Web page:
He’d eventually grow into a leading-man type, but in this movie, Silverman plays the counterpoint to hunky Jeff: a guy who is hopeless with girls, not that he ever lets that stop him – “Tune in, Tokyo” and all.

13. It also has one of the best-ever mean rich girls.

In case you wonder where else you’ve seen Holly Gagnier, the actress who played spoiled Natalie, she was a regular on the original season of Baywatch.

14. It preceded Clueless by a decade.

Natalie had the original, enviable automated wardrobe.

15. It will make you yearn for American Bandstand.

There’s something about the idea of teens running home to watch a live broadcast of a show featuring the day’s most popular music that will make you nostalgic even if you didn’t actually grow up watching anything like Dance TV. Also, Helen Hunt is an endearingly terrible babysitter.

16. And now, an unpaid endorsement by Helen Hunt for Velcro.

See? We told you she’s wacky and rebellious!

17. Importantly, Janey is not weak.

She knows what she wants and she’s willing to work hard to get it – and in this scene, she flatly tells her male partner that she expects the same from him.

18. "A lot better than preteen!"

This one brief scene with Shannen Doherty’s character perfectly nails the way younger kids want desperately to be seen as anything else other than young. “You really think I’m punk?” she says, flattered. “It’s not as cool as new wave, but a lot better than preteen!”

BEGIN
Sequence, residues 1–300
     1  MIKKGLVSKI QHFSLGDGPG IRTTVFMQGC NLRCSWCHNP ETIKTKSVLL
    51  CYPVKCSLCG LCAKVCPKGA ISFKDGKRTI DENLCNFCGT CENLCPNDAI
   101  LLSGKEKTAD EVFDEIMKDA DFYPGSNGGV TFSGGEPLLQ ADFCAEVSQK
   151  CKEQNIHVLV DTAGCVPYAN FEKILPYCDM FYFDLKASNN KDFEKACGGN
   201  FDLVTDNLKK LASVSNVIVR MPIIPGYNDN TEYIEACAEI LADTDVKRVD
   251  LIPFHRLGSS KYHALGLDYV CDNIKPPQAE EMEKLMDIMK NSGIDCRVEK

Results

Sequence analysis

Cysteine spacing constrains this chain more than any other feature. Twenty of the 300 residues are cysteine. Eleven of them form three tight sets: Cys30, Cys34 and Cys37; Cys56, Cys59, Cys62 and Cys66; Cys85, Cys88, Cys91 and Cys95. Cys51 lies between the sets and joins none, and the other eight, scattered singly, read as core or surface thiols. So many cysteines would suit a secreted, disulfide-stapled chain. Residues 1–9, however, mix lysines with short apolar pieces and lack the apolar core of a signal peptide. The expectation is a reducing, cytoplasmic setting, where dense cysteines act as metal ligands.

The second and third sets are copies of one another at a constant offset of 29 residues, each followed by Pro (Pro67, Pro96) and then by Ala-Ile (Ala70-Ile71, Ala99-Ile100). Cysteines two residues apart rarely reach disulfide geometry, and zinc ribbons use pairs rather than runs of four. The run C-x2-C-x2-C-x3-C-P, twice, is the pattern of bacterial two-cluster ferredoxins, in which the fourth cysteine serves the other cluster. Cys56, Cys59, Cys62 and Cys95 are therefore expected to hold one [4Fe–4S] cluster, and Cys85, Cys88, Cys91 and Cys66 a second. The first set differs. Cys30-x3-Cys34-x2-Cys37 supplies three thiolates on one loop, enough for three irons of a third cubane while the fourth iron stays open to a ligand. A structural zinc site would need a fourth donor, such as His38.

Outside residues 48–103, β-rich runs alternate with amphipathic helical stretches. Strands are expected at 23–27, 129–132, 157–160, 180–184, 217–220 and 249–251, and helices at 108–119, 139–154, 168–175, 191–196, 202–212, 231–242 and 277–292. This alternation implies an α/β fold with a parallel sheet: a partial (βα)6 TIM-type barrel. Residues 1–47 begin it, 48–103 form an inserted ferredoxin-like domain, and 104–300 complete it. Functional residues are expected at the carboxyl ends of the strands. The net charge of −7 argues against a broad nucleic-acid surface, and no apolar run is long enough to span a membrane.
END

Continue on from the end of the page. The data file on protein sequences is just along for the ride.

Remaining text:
19. It has Gina Gershon as a background extra.

She’s wearing a maroon top and sporting curly hair and huge, pendulous earrings. Hey, it was the mid-’80s, after all.

20. It offers tips for getting out of P.E. activities.

21. And lessons about how to be a good girl.

22. But also lessons in how not to be a good girl.

23. Because it’s an ’80s movie, it has a training montage.

And because it’s a romance movie, this sequence doubles as a “falling in love” montage.

24. Its revenge plot is also a triumph for social equality.

Janey and Lynne snag an invitation to Natalie’s debutante party and give copies out to all the new wave and punk kids. Natalie is, of course, furious, but the girls’ only real crime is opening the doors of an exclusive party to all the kids who weren’t deemed good enough for snobby Natalie. (Robert Downey Jr. makes an uncredited cameo as one of the punked-out crashers, BTW.)

25. And that scene generated this GIF.

It’s pretty awesome in and of itself.

26. It introduces us ever so briefly to the Mirror Image sisters.

If ever a pair of movie characters were deserving of their own spin-off

27. It has one of the most triumphant dance finales in any ’80s movie ever.

And considering how may ’80s movies conclude with one elaborate, perfectly choreographed dance sequence, that’s saying a lot.

28. Again, it must be said: Helen Hunt’s ’80s style is flawless.

Eat your heart out, Tina Turner.

29. It’s a great movie about female friendship.

In most movies about female friends, their bond is challenged. A lot of the time, there’s a rift that must be repaired before the finale. That never happens in this movie. Janey and Lynne simply become friends and then support each other throughout the entire movie. Nothing ever comes between them. That’s rare.

30. It set the standard for a lot of dance movies that followed.

Watching it today, it seems like Girls Just Want to Have Fun uses a lot of the tropes we associate with dance films – a heroine in love, a zany friend, the spoiled rival, the blue-collar love interest, lots of dancing in front of a TV. But as this 2013 Vulture piece makes the case, it was actually this film that originated many of those mainstays.